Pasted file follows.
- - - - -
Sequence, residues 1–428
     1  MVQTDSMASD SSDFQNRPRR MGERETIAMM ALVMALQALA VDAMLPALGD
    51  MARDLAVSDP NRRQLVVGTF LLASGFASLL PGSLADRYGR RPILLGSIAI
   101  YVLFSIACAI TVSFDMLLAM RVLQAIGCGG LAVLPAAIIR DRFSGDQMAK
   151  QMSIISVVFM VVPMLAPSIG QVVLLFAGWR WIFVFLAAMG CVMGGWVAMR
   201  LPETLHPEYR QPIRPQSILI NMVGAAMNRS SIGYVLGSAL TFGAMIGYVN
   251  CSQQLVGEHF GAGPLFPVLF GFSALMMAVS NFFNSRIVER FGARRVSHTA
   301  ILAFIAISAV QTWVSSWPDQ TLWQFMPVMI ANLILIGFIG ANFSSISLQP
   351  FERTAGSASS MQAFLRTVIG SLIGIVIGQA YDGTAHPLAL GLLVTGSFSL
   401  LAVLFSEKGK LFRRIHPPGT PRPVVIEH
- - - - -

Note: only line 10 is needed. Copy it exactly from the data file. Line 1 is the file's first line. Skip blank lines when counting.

   401  LAVLFSEKGK LFRRIHPPGT PRPVVIEH